U.K. Plc issued more profit warnings in Q1 than all of 2008
By TruePublica: With news that the UK economy could shrink by an eye-watering 20 per cent if the COVID-19 outbreak is not contained by the year-end and that the likelihood of recovery back to 2019 (itself bordering on recession) levels will take at least three years, businesses are facing the type of battering that the great depression brought in the 1930s. In all likelihood, the economy is on track to lose 15 per cent of activity, with confidence falling away about how many firms will actually survive.
A Bank of England policymaker warned Britain’s economy was on course to suffer the deepest recession in several hundred years. Gertjan Vlieghe, a member of the BoE’s interest-rate setting committee, said the UK was heading for a squeeze on incomes that was unprecedented in its speed and severity.
Data firm IHS Markit said its UK composite purchasing managers index (PMI), which tracks activity across the services and manufacturing sectors, slumped to just 12.9 for April, down from 36 in March and a record since the survey began in the 90s. This was far below economists’ forecasts and well short of the 38.1 reading recorded in the depths of the 2008 financial crisis. A PMI figure above 50 indicates an expansion of business activity.
The first proper signal of impending doom are profit warnings. And it’s bad, very bad.
Over a fifth of the U.K.’s listed companies issued a profit warning in the first quarter of 2020. This might not sound bad until compared with 17% who issued profit warnings in the full year of 2008, according to a report by consultants EY. In 2008, the economic environment was dire at best and the first twelve weeks of 2020 has romped past the worst of 2008.
The economic crisis triggered by the Covid-19 pandemic has pushed up the number of profit warnings in the U.K., with 301 issued in the quarter ending March 31, almost as many as the whole of the previous year, the report stated.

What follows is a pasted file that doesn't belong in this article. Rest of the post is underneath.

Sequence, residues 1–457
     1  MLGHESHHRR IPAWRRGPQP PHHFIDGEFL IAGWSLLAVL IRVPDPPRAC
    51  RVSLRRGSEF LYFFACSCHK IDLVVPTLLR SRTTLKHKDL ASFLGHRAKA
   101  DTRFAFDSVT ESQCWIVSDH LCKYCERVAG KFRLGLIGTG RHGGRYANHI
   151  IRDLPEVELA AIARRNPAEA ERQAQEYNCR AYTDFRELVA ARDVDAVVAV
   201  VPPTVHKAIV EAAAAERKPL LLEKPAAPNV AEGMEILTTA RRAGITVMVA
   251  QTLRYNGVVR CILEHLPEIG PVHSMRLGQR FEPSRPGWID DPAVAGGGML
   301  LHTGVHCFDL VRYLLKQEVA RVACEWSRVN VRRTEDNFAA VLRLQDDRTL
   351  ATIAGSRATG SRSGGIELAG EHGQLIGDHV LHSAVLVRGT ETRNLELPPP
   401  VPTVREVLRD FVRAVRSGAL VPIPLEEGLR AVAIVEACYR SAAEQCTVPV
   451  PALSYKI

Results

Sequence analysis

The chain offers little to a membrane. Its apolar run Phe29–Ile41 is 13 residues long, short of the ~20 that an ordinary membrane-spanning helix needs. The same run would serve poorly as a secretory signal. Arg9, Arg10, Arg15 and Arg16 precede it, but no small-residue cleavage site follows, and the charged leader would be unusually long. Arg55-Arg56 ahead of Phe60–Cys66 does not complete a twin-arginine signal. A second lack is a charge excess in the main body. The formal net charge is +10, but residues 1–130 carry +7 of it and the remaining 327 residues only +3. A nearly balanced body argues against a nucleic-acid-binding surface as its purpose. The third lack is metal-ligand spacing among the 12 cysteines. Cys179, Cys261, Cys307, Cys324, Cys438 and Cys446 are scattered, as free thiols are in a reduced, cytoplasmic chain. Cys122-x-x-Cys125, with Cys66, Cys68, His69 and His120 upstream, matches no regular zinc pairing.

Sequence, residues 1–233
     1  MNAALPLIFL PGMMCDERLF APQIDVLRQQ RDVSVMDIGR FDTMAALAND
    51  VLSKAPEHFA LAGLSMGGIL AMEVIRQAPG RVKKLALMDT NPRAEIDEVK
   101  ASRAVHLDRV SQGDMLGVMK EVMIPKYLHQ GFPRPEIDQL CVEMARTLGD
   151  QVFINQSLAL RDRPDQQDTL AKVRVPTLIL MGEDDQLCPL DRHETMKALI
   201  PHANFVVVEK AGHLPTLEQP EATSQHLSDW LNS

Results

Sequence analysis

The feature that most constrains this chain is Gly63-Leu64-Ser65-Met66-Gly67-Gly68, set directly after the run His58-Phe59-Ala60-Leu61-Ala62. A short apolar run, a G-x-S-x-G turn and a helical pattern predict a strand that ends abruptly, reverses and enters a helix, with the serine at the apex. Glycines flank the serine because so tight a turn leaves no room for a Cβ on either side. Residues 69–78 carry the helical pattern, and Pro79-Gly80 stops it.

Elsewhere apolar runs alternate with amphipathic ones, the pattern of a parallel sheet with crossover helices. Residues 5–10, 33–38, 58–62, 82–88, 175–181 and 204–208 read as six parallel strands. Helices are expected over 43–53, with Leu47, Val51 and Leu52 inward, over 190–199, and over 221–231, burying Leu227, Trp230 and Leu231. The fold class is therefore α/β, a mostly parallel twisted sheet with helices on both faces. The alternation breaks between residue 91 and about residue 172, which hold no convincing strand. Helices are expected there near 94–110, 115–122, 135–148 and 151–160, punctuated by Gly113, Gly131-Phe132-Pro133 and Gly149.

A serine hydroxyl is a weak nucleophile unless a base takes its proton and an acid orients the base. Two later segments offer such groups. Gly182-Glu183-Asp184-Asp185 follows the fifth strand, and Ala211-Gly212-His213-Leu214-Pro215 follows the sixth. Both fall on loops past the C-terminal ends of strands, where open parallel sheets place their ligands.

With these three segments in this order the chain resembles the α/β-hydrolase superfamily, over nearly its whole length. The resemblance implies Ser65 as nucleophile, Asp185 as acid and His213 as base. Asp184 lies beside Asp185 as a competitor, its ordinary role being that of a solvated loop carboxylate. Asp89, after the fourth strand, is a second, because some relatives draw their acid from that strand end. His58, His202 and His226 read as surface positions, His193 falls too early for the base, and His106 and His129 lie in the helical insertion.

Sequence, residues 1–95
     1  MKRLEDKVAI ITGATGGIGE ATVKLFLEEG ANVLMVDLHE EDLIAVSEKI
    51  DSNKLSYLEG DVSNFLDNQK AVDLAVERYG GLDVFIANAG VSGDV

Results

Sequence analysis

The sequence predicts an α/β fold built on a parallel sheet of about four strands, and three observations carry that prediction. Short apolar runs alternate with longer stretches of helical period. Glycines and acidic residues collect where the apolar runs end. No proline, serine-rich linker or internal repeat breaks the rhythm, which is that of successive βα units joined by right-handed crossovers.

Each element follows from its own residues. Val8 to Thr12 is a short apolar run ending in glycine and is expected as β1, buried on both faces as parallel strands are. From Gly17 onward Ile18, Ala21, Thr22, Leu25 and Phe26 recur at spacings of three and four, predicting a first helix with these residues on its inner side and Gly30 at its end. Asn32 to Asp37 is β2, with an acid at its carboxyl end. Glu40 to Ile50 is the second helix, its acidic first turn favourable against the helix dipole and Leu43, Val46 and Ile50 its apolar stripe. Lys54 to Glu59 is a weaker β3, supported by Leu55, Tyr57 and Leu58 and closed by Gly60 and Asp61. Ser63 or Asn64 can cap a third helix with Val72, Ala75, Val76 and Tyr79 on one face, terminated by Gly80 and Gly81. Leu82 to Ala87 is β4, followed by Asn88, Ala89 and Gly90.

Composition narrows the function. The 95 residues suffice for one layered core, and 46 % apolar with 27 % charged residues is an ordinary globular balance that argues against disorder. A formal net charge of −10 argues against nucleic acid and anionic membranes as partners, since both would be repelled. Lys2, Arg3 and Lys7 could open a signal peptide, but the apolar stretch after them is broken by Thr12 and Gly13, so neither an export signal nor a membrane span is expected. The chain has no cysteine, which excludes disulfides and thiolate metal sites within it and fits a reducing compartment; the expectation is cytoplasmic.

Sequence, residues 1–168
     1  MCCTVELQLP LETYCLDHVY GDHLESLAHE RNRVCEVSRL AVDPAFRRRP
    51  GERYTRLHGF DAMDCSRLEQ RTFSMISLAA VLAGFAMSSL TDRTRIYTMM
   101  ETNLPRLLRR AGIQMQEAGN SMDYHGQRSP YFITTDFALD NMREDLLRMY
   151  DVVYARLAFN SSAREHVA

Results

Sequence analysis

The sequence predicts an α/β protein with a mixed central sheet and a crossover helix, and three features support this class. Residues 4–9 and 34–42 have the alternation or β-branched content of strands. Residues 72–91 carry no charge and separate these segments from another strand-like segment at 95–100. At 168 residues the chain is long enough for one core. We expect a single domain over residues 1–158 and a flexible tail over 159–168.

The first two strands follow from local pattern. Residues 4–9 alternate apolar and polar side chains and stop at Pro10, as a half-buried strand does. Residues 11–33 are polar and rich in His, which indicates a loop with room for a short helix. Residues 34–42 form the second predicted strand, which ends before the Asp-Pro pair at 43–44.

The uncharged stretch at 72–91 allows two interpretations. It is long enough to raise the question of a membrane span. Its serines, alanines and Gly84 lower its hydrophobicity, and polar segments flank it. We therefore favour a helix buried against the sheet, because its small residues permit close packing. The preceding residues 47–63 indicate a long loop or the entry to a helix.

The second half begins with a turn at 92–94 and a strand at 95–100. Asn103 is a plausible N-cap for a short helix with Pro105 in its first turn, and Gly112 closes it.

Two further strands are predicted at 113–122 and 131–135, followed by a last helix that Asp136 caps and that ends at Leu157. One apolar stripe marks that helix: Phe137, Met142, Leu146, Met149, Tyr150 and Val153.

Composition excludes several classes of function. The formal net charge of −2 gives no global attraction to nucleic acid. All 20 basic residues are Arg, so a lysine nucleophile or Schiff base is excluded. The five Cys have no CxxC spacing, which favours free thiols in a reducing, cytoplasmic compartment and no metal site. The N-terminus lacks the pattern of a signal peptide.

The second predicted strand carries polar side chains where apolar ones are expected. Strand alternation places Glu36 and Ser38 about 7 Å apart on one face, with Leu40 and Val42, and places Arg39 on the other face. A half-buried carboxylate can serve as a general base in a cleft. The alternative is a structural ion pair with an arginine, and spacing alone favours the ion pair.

Travel and leisure companies were the most affected, with 70% of the sector issuing a profit warning, followed by industrial materials (63%) and retailers (61%).
EY expects a significant increase in corporate insolvencies when the lockdown lifts. “It will undoubtedly ease some pressures, but these underlying issues will remain – alongside new challenges,” Alan Hudson, EY’s U.K. Head of Restructuring, wrote in an emailed comment.
The country’s gross domestic product will fall by 6.8% in 2020 if the lockdown begins to lift at the end of May, and the U.K. experiences a slow ‘U’ shaped recovery without any major relapses, according to EY forecasting group estimates.
Although devastating, the pain in U.K. Plc cannot be fully attributed to coronavirus. In January, profit warnings increased 43% year-on-year according to EY records. This was due mainly to a looming recession caused by the uncertainties of Brexit.
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“Covid-19 has created new problems, but it has also accelerated existing structural change and exacerbated existing weaknesses,” said Hudson.
The UK government has unequivocally stated that Brexit negotiations will continue with the EU irrespective of the pandemic and that there will be no extension to negotiations come December 31st.